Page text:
Charity Magazine

Victory for the Serengeti

Posted on the 30 June 2011 by Frontiergap @FrontierGap

Victory for the SerengetiLast week conservation organisations and members of the media rejoiced in the knowledge that plans for the proposed Serengeti road had been abolished. The two-lane highway was intended to be constructed across the national park, as a means to boost Tanzania’s economy by linking isolated Serengeti villages outside of the national park with Arush, a Tanzanian city, and shores of Lake Victoria and other central African nations to the west.

Scientists have warned the government that the planned 33 mile highway could disrupt the annual wildebeest migration, considered one of the wonders of the natural world. This in turn could impact numerous wildebeests and zebras, subsequently affecting predators such as lions and cheetahs. The intensions behind the plan to build the road could therefore have an adverse affect on the Tanzanian economy. The Serengeti “is not all of Africa …but it’s everybody’s image of Africa” states Stuart Pimm, conservation ecologist at Duke University. If this image of Africa is ruined tourists could go elsewhere.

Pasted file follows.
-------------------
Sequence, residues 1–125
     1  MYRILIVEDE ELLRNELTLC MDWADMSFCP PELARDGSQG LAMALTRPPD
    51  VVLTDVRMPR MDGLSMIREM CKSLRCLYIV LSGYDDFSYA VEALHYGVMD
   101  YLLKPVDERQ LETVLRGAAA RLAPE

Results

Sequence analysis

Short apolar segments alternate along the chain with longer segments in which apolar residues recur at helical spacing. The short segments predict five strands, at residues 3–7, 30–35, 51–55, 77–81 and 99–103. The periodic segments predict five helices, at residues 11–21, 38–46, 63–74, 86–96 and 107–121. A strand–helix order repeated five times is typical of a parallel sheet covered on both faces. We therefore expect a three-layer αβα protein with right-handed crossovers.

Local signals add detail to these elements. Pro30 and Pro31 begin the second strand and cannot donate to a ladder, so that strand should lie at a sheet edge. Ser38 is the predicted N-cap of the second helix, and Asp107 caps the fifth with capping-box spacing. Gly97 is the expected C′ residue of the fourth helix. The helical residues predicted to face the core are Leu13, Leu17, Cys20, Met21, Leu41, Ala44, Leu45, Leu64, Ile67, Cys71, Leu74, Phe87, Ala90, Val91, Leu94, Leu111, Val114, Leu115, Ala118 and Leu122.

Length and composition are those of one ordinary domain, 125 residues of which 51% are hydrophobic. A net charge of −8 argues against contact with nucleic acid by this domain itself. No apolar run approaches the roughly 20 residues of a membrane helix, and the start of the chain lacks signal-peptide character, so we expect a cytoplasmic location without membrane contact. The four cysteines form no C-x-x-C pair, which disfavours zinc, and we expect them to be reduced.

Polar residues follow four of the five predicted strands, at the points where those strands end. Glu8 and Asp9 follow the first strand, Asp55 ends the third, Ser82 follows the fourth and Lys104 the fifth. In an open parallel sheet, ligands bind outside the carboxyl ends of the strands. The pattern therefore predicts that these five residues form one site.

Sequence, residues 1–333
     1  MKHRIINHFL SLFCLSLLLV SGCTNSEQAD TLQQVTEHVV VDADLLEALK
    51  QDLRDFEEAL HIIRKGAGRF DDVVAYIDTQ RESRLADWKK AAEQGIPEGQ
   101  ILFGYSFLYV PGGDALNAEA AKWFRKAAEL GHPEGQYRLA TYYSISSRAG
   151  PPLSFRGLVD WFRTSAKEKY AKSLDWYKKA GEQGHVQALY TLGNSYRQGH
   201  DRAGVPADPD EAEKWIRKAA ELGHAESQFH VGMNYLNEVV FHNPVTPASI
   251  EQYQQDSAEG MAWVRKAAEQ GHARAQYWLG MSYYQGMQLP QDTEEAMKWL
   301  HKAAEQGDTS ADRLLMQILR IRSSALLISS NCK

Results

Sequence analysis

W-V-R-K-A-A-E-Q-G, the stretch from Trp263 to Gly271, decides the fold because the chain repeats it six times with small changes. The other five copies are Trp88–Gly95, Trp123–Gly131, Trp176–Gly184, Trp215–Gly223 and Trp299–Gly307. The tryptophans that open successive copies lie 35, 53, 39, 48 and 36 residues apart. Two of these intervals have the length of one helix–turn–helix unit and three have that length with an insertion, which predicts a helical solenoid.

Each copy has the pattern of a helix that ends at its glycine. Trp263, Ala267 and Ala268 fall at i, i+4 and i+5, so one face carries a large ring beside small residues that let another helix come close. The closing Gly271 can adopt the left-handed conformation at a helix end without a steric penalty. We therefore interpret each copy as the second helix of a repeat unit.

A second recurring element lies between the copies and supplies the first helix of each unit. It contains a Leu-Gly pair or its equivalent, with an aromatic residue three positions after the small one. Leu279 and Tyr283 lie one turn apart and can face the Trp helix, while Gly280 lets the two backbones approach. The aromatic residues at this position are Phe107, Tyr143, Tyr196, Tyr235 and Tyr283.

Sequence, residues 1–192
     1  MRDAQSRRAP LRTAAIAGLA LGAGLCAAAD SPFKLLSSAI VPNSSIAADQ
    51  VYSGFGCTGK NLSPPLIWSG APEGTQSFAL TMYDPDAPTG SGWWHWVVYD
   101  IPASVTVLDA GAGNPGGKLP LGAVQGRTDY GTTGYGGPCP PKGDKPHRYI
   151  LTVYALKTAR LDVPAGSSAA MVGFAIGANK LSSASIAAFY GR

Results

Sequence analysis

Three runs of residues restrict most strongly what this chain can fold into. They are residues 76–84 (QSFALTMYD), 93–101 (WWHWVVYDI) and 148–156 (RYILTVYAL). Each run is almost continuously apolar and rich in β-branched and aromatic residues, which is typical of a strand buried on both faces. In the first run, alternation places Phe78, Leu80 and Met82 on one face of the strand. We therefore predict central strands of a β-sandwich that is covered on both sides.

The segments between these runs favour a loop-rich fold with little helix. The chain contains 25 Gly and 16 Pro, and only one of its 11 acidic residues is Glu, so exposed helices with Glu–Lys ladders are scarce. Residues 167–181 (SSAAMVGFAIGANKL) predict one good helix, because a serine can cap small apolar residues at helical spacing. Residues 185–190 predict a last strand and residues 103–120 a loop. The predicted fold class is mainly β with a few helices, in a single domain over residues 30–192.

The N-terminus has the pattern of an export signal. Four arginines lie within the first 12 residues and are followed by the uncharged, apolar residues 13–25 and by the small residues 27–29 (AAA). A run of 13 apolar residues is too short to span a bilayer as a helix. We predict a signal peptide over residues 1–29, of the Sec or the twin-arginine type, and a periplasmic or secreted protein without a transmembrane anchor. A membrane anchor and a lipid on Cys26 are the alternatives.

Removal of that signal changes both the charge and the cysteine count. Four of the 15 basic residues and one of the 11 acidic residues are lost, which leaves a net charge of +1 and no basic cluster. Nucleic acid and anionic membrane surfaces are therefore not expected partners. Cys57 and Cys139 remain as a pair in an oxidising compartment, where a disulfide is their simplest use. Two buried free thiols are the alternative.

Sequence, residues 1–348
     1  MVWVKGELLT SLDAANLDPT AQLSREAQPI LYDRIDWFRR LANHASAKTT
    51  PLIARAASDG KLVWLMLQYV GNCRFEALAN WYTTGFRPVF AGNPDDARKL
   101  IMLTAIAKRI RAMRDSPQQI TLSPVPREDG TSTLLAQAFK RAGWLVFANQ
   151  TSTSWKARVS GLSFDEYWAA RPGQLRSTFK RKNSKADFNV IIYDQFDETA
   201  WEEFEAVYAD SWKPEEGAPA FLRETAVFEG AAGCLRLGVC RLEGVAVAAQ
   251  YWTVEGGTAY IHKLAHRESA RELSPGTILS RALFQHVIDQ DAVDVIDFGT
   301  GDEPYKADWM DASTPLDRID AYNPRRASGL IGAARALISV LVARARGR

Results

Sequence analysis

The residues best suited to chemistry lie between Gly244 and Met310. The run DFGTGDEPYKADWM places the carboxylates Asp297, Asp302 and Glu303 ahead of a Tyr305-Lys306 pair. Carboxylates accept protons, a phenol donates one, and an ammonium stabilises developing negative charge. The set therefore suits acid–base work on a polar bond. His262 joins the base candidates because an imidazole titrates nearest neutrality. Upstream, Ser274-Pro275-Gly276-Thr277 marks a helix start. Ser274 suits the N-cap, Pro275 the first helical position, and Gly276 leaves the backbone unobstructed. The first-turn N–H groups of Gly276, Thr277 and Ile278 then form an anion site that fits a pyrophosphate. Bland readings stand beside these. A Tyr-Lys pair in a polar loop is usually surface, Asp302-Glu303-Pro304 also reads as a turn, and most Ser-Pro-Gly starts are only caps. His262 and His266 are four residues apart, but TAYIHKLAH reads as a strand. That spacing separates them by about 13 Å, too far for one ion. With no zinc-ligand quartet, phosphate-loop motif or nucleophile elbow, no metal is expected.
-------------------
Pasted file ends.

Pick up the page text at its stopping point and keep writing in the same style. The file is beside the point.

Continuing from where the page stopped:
Fears over the proposed road has been subsided as a letter written by Tanzanian government officials addressed to the UNESCO World Heritage Centre claims that “the proposed road will not dissect The Serengeti National Park”, and that “the roads will remain gravel”. But it may be too early to celebrate.  Some have pointed to the confusing nature of the letter, where it claims both that the “road will not dissect the …park” and that the “traversing” road will “remain gravel”. The current road that spans through the Serengeti is dirt, so it cannot possibly “remain gravel”.

Even if we were to assume that the government is not going to build the highway road, and that they instead plan to exchange dust for gravel, David Blanton predicts that “there will be demand for use of that road in the future”. This would inevitably lead to a paved road and eventually a highway”. If this should happen the wildebeest migration would be affected, and one of nature’s wonders will be destroyed.

By Nancy Bukasa


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